Poems for Challenging Times 5

Despite its somewhat apocalyptic title, today’s poem by Joy Harjo is as uplifting as it is haunting.  

Harjo was born in 1951 in Oklahoma. As well as publishing nine poetry collections, she is a musician (playing saxophone in her band Poetic Justice) and author of two children’s books. In 2019, she became the first Native American to occupy the position of US Poet Laureate.

Perhaps the World Ends Here celebrates the simple solidity of the kitchen table, around which are woven the rituals, occasions and everyday activities that comprise ‘what it means to be human.’ 

Life in all its everyday fulness is connected to this central domestic artefact. The table is both a place to hide from the terrifying and a space to gather for gossip. Around it are sustenance and restoration; tears and laughter; birth and death.The table holds meals and memories as it stands for the shared lives and common humanity of a family down the generations.

The poem’s statements of what the table is, does and means have an incantational quality, and are beautifully balanced between the weighty and the gentle.

As with every evocative poem, it walks the line between the specific and universal: It’s about the poet’s kitchen table, and about every kitchen table. Perhaps it prompts memories of yours, or even of another piece of furniture or object in your home that holds a significance in your life beyond its own mere substance. 

This could be a springboard for your own writing. Or why not take a particularly striking line or phrase from the poem as a starting point for your own? My particular favourite is ‘Our dreams drink coffee with us.’  


Perhaps the World Ends Here

The world begins at a kitchen table. No matter what, we must eat to live.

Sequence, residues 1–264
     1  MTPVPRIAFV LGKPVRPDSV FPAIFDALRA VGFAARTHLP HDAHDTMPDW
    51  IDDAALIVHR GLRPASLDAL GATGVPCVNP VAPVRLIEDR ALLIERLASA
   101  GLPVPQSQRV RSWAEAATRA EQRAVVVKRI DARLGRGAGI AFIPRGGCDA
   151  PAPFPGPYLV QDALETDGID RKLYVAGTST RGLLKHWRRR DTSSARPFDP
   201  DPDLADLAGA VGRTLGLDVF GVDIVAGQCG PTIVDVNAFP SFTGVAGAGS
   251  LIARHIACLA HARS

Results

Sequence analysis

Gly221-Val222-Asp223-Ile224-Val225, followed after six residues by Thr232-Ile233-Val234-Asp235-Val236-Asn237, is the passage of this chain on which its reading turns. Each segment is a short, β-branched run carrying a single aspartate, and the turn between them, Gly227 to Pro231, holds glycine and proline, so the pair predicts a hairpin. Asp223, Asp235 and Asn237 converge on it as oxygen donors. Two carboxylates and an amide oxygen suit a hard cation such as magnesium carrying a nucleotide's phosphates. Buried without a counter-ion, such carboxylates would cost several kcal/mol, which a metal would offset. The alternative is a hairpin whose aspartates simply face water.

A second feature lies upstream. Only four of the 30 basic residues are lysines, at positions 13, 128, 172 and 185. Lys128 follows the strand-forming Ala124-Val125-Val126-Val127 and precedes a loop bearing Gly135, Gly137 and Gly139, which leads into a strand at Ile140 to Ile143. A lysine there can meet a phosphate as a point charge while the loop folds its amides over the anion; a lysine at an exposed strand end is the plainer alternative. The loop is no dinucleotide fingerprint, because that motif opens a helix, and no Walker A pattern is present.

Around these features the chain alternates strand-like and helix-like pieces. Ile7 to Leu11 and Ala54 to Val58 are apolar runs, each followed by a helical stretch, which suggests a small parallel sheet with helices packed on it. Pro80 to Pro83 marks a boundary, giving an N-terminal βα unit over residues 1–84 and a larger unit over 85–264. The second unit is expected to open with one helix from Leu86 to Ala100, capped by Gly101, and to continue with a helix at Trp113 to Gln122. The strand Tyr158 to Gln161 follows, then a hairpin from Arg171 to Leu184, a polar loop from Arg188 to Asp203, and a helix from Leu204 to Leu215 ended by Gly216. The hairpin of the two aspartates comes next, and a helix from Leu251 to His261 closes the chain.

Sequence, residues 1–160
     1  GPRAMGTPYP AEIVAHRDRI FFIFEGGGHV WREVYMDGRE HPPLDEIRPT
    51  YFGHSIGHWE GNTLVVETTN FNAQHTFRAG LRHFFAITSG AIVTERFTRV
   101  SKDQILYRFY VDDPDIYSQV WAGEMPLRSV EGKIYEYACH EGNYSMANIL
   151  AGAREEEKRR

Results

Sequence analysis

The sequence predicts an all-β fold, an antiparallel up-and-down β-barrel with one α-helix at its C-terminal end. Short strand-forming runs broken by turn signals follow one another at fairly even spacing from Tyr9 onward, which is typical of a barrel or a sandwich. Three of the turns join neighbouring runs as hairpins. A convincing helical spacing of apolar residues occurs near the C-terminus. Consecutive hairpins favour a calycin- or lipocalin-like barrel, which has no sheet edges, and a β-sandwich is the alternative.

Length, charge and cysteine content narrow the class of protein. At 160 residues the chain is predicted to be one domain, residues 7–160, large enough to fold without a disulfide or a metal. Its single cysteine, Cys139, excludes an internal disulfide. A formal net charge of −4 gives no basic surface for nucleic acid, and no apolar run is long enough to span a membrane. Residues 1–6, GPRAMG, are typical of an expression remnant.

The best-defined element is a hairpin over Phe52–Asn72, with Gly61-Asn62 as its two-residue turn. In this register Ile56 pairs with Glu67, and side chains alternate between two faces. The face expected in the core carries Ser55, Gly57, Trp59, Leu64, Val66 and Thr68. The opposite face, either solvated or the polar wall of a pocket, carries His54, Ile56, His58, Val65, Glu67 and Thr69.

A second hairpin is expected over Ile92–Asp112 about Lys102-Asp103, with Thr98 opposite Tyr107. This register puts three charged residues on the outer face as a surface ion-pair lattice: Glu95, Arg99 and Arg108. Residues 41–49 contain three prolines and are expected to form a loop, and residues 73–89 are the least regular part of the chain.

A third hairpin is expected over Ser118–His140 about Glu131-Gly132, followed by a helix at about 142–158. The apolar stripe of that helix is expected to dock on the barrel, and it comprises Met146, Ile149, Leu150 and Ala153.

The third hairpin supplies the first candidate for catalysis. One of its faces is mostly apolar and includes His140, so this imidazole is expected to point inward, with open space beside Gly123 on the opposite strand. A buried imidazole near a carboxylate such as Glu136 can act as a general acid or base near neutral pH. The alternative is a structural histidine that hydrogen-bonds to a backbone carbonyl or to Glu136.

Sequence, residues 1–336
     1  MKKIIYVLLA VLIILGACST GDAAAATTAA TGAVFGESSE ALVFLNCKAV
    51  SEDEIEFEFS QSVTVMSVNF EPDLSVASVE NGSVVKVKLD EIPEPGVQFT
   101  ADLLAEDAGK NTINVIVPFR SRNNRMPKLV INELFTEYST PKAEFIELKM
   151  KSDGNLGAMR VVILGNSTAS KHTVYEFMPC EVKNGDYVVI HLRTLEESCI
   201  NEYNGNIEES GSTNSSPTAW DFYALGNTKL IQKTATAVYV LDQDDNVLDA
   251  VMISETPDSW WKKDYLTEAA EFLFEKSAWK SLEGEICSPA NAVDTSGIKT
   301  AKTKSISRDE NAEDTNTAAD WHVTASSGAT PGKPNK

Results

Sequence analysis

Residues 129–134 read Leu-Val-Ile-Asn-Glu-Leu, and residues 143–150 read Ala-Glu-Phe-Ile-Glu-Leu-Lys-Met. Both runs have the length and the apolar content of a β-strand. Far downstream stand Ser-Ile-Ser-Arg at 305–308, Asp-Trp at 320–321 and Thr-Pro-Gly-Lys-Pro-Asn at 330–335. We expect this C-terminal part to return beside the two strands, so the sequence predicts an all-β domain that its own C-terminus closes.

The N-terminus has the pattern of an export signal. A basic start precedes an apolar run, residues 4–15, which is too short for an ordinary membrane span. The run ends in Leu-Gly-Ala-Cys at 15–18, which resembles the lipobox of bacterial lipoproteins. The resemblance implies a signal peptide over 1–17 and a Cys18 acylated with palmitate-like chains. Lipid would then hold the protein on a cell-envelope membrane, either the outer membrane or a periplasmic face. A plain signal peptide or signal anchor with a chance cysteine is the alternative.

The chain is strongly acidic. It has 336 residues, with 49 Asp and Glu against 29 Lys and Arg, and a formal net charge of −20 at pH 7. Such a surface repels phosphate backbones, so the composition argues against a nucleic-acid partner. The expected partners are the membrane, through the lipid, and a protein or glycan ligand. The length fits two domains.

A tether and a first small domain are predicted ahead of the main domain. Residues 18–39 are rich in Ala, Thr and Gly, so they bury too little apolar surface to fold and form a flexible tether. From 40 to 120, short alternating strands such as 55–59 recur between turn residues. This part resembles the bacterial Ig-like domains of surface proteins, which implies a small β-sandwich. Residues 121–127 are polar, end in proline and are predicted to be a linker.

The gifts of earth are brought and prepared, set on the table so it has been since creation, and it will go on.

We chase chickens or dogs away from it. Babies teethe at the corners. They scrape their knees under it.

It is here that children are given instructions on what it means to be human. We make men at it, we make women.

At this table we gossip, recall enemies and the ghosts of lovers.

Our dreams drink coffee with us as they put their arms around our children. They laugh with us at our poor falling-down selves and as we put ourselves back together once again at the table.

This table has been a house in the rain, an umbrella in the sun.

Wars have begun and ended at this table. It is a place to hide in the shadow of terror. A place to celebrate the terrible victory.

We have given birth on this table, and have prepared our parents for burial here.

At this table we sing with joy, with sorrow. We pray of suffering and remorse. We give thanks.

Perhaps the world will end at the kitchen table, while we are laughing and crying, eating of the last sweet bite. 

Joy Harjo

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  • About Julia


    From writing stories for my younger brother, to penning poems for the School Magazine and filling a growing pile of personal journals, the written word has always been part of my life’s journey.

    I started out as an English Teacher and subsequently retrained as a Counsellor. I have counselled in a GP Surgery and worked with various Employee Assistance Schemes and Charitable Trusts alongside seeing private clients.

    Although I have done some freelance journalism and written four non-fiction books, creative writing has become my main focus in recent years.

    My poems have appeared online on sites including Amaryllis, Silver Birch Press, Clear Poetry, Spilling Cocoa Over Martin Amis, Riggwelter and Ink,Sweat and Tears. I have been published in Curlew and Bucks Mill Magazine, and anthologised in Our Hearts Still Sing. My first poetry collection, Chester City Walls, came out in 2015.

    Read more about Julia
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